The quote about talks only about the “savings”, but not the actual cost. That is why they call it an |intellectual monopoly”. Individuals can rarely afford to take things to court. All you are left with are extremely wealthy companies piling up patents which can be used offensively at times of trouble, or be sold to patent trolls. Would these patents be used offensively? They already are.
Who Needs to Develop When Lawsuits Are More Profitable?
Have a look at this new article, “Patent Exhaustion”.
Okay, this post is a bit inside baseball. But some lawyers and law students may at least find this of interest. In an upcoming case, Quanta v. LG Electronics, the Supreme Court may refine the “patent exhaustion” doctrine to make it more difficult for patentees to extract royalties from multiple parties for the same device.
This is brought up in response to patent trolls that sometimes sue over 100 companies at the same time. This is madness.
Junk Patents Du Jour
In case you wish to see bizarrely-simple patents, have a look at the figures in this new article.
A European patent application filed by Nintendo has reveals a raft of ways the console giant could extend the use of the Wii Remote, ranging from the strange to the downright ridiculous.
You will find a video with many other ridiculous patents here. █
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Bribery: just “an unfortunate accident”
Spin doctors. Don’t we just love them? Have a look at another pointless and biased articles from Australia, which being a “No” country (on OOXML), has had Microsoft hijack its press with incentives and brainwash [1, 2].
When asked about a vote-rigging incident that occurred in relation to the upcoming ISO decision last year, Microsoft’s Thomas described the incident as “an unfortunate accident”.
And… the propaganda continues. Here you have another attempt to rewrite an embarrassing history. But we never forget. Neither does ComputerWorld which published the following at the time:
Microsoft admits Swedish employee promised incentives for Open XML support
Microsoft Corp. admitted Wednesday that an employee at its Swedish subsidiary offered monetary compensation to partners for voting in favor of the Office Open XML document format’s approval as an ISO standard.
How many other countries has this happened in without Microsoft getting caught red-handed (leaked and verified messages)? It seems like quite a lot, but there isn’t always a ‘smoking gun’. Examples are appended at the bottom for your reading pleasures.
Meanwhile, it turns out that Microsoft’s Mahugh has denied ever making a damaging (and very frank) statement. About OOXML he said:
“It’s a Simple Matter of [Microsoft’s] Commercial Interests!”
The person who caught him on record insists that he did indeed say this. Is Doug Mahugh lying? What’s more, the same person draws attention to another outrageous statement from Microsoft.
However the latest whine from Microsoft blaming IBM for its misfortune of OOXML at ISO revealed something interesting. Read what the Senior Directors for XML Technology said:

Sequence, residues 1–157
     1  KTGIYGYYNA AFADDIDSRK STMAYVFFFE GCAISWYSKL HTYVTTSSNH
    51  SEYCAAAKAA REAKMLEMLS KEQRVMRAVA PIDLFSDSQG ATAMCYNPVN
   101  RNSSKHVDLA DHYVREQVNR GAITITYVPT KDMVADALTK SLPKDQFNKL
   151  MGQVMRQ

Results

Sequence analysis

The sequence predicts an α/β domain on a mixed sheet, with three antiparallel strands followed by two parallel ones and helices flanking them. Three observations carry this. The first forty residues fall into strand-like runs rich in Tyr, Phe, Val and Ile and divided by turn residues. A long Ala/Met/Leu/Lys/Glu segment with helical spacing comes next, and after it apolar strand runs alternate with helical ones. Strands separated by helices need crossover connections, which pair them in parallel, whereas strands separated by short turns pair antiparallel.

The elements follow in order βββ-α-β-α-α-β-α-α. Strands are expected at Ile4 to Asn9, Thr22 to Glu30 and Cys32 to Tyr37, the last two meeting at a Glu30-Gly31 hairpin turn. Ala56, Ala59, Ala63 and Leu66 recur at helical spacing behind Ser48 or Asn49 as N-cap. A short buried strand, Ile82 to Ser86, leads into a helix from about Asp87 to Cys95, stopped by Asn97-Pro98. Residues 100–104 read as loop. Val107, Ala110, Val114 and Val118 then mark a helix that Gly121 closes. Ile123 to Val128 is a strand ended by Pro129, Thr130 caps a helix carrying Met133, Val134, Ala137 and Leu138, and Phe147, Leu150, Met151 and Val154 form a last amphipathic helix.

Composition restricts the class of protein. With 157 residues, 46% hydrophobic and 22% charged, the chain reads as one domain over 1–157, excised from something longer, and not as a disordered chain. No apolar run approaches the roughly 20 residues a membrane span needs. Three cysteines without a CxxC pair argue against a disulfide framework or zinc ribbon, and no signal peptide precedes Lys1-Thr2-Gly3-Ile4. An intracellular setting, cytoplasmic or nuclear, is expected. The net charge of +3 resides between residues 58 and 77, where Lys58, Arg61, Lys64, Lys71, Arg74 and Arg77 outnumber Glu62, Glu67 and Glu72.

“Let’s be very clear,” [Jean] Paoli said. “It has been fostered by a single company — IBM. If it was not for IBM, it would have been business as usual for this standard.”
Business as usual for this standard? If he thinks its usual to fast track a 6000 page document with thousands of criticisms and due for a huge overhaul after the BRM, he must be deluded. Unless he meant “Business as usual for our cash cow?” – the cash cow being Microsoft Office. Yes, conjecture I know, but that makes much more sense.
The vanity meter goes wild. █
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Time for a wedding after years of relationship?
It was several months that Novell expressed its intentions to buy small companies to find growth. BusinessWeek repeats this fairly old story (circa June 2007).
Novell (NOVL), the struggling software maker once among the computer industry’s best known names, is trying to reclaim relevance through an embrace of open-source software and a détente with onetime rival Microsoft (MSFT). Now, having stemmed a multiyear revenue decline and beefed up its balance sheet, Novell plans to start acquiring smaller software companies in a quest for growth.
This talks about “beef
ed[ing] up its balance sheet,” so you are encouraged to see the darker side of Novell's finances.
In any event, since Novell already behaves like a Microsoft subsidiary or Linux division to Microsoft in many ways, the following modest proposal to Novell is made:
My suggestion? Buy up all the .NET open source companies and become the center of the open source Microsoft universe. There isn’t a whole lot else that will be meaningful and since Novell already went to the dark side they should be happy as the Darth Vader of open source.
Remember that Novell does put many of its card on Mono [1, 2, 3, 4, 5, 6, 7, 8, 9, 10, 11, 12, 13]. █
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“Microsoft expressed disappointment at our views and said “a better story” would have been the positive benefits OpenXML…”
–Microsoft pressures ITWire for better OOXML publicity in 2007
Recently, we have seen yet again how Microsoft tames journalists. If the company cannot earn good publicity, then it attempts to buy it. If it cannot buy the media company, then it turns to individuals.
Promotional journalism hasn’t a place in this world, but this appears to have been the case in Malaysia, not just in Australia [1, 2]. We have already covered many examples of this. Here is another one.
Another funny thing happened. Someone had a copy of yesterday’s Tech&U which had a feature article by one of the journalists who got a free ticket to Washington. The article is currently online here “Charting path of OpenXML.” We all had a chuckle because we all saw right through it and one of the attendees said “This isn’t an article, its a press release from a vendor!”
There is more from the same blog about poor journalism and articles that are promotional.
In essence, the article title which states “RosettaNet in Aggressive Move to Push OOXML Tech” actually should instead read “RosettaNet in Aggressive move to Push Microsoft Office 2007”. And this is a fair position for RosettaNet to take, as Microsoft Office 2007 provides an affordable interface to interacting with the RosettaNet platform the the growing SME market.
It is not about OOXML’s special features. Its about Microsoft Office features. Its very similar to the Halal Hub Open XML System. OOXML is just tacked on for marketing purposes to lead up to this months BRM.
We mentioned Malaysia quite a lot in January, primarily due to the fact that many article with Microsoft’s venom came from there [1, 2, 3, 4, 5, 6, 7]. █